In the midst of a global health crisis, Premier Kenney has announced that the government of Alberta will subsidize construction of the Keystone XL pipeline, prioritizing the expansion of the oil and gas industry even over its own healthcare system. This $7.6 billion gift to one pipeline company is a reckless use of public money that could be better spent supporting physicians and workers across the province. The price of oil dipped below $6 last week, yet with this move the Alberta government is further increasing its exposure to an oil market in free fall.

Now is not the time to be further betting on the ongoing  expansion of an industry that must become smaller to ensure a climate-safe future. It is the time to be putting in place a recovery program with measures to hasten a just transition for workers in the sector. Furthermore, starting construction during the COVID-19 pandemic is irresponsible, as worker camps and nearby communities are showing signs of being particularly at-risk from virus outbreaks, and could place undue strains on rural health systems.

About ENVIRONMENTAL DEFENCE (www.environmentaldefence.ca): Environmental Defence is a leading Canadian advocacy organization that works with government, industry and individuals to defend clean water, a safe climate and healthy communities.

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For more information or to arrange an interview, please contact

Barbara Hayes, Environmental Defence, bhayes@environmentaldefence.ca

 

Background Information

Alberta Premier Jason Kenney has just announced that it will provide $1.6 billion to the company TC Energy for the construction of its Keystone XL pipeline, to cover construction costs through the end of 2020. In addition, the government of Alberta will guarantee a $6 billion loan for the project, which is now expected to cost over $14 billion to build. All-in-all, the province will have $7.5 billion in total exposure to this single project. (TC Energy to proceed with Keystone XL pipeline after US$1.1 billion investment from Alberta government)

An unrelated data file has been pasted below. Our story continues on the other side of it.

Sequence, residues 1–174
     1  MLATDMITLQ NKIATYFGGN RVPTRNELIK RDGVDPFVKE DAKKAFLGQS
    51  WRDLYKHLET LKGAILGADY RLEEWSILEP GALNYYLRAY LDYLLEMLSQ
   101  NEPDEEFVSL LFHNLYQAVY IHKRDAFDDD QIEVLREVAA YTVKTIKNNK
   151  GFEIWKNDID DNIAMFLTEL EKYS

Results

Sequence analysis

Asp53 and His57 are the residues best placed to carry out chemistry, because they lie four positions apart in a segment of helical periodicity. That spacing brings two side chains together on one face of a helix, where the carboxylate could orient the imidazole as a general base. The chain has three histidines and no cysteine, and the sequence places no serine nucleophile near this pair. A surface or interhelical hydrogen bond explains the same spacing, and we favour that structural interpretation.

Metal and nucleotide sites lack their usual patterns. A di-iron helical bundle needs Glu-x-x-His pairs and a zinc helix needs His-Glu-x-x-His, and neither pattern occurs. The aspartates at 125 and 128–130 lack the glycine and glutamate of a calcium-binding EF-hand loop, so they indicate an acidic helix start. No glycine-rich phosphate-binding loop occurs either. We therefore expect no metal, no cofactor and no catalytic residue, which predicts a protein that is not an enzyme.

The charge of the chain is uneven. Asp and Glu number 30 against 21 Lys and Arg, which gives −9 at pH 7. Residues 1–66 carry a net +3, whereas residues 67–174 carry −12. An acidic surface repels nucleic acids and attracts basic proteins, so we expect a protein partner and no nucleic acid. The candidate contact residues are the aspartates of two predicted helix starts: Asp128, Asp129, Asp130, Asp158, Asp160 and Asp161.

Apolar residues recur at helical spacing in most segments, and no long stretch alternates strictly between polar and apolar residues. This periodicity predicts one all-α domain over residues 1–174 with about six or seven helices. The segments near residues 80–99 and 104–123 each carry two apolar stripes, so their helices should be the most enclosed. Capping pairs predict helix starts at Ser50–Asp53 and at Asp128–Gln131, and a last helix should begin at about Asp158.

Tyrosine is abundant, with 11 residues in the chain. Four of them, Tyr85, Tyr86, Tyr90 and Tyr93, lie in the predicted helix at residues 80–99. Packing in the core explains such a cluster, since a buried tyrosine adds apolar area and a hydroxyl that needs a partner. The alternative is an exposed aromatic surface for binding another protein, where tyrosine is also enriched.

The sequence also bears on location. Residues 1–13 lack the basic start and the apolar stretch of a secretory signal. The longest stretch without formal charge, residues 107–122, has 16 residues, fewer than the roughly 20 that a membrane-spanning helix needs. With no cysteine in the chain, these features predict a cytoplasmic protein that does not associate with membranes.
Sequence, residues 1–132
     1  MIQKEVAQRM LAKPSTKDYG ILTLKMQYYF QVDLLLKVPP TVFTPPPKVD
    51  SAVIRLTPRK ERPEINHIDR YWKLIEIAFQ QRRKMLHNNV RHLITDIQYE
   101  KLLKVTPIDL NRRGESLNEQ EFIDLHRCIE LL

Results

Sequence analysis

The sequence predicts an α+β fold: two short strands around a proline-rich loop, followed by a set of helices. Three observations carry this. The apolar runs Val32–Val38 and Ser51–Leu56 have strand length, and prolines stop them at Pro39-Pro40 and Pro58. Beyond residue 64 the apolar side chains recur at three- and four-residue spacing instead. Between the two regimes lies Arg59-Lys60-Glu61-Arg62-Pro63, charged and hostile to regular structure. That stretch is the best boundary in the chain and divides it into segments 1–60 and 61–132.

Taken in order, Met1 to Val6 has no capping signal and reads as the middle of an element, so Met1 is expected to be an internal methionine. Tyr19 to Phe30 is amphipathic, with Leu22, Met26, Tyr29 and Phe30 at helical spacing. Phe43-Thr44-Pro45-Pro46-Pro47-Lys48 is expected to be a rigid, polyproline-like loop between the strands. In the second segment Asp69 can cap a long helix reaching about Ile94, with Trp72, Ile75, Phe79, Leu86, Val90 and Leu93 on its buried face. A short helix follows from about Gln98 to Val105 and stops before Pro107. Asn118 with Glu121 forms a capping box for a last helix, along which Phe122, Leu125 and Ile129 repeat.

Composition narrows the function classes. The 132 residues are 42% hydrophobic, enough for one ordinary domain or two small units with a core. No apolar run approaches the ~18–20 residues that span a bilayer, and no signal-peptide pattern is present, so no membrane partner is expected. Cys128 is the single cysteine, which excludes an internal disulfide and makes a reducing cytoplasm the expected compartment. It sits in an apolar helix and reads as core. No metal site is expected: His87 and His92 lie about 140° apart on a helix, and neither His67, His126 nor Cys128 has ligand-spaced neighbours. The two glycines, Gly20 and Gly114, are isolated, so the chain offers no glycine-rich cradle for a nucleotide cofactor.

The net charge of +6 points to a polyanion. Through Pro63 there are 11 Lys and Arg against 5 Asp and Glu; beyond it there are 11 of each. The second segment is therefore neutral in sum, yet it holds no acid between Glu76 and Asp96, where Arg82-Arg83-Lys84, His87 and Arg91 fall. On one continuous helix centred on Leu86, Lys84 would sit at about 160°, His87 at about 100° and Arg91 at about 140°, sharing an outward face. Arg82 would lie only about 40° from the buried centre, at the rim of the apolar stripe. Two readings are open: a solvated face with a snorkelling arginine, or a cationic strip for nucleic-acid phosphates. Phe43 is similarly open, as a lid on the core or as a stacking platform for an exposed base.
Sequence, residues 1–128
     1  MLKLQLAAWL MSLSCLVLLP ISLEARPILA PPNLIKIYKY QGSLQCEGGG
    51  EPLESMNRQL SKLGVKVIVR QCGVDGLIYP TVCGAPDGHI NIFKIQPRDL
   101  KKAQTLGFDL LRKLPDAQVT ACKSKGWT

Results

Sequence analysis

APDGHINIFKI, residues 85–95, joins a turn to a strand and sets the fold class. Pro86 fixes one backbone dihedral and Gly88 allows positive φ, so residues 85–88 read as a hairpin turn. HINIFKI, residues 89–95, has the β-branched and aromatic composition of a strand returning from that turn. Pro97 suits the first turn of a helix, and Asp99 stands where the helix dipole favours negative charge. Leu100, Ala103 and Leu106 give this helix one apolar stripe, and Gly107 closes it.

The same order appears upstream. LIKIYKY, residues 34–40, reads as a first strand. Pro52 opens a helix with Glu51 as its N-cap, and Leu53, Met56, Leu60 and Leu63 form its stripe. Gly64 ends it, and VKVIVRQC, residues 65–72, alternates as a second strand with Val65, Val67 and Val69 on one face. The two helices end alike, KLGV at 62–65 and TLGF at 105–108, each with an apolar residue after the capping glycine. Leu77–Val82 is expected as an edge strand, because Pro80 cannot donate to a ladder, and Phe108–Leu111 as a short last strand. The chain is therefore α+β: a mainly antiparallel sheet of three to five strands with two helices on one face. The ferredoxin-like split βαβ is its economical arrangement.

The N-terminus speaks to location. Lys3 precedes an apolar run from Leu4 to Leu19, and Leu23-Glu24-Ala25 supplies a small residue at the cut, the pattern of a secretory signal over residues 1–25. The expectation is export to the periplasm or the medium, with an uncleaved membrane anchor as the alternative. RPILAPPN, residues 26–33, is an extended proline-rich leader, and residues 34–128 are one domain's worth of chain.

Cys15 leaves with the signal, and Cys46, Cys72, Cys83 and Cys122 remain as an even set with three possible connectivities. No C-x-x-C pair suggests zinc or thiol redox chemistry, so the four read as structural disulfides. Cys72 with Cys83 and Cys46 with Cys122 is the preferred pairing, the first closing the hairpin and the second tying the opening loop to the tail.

The Keystone XL pipeline – which has already been delayed by over a decade – would not be ready for years, if ever. If completed,the pipeline is expected to ship 830,000 barrels of crude oil per day to the U.S. Gulf Coast, which is home to the largest concentration of heavy oil refineries. The project still faces significant nationwide opposition in the US because of the threat it poses to clean water and the climate. The pipeline still has pending regulatory approvals and legal challenges from Indigenous groups, environmental groups and communities along its nearly 2000 km route from Alberta to the U.S. Gulf Coast. (Keystone XL faces significant nationwide opposition)

Health and Education Funding in Comparison

  • The government of Alberta had pledged a fraction of this amount – $500 million – for health care costs during this global pandemic.
  • The Alberta government terminated its existing contract with physicians in February, resulting in a system that doctors believe will make it more difficult to treat patients, particularly from vulnerable communities. Changes to healthcare funding have also resulted in more than 400 community clinics either closing or laying off staff. (Hundreds of doctors send letter to Alberta government over proposed changes)
  • The province announced a $128 million cut to K-12 education, which will result in 25,000 education workers being temporarily laid off in April, de-railing plans for at-home and remote education. (Alberta education cut expected to lay off thousands during pandemic)

Risk to Workers and Communities from Rapid Construction Timeline

Premier Kenney announced that construction on Keystone XL is slated to begin as soon as April 1. At a time when only essential businesses are allowed to operate continuing construction for infrastructure that won’t be built for many years is an unnecessary risk for workers and nearby communities. Other pipeline projects are experiencing safety issues related to the virus at their worker camps, where practicing social distancing is difficult and workers frequently rotate in and out from an area. Health officials are warning that the thousands of workers brought to these work camps could overwhelm local medical systems, and unions are calling for projects to be tooled down to all but essential work. (BC’s work camps stay open despite pandemic risks)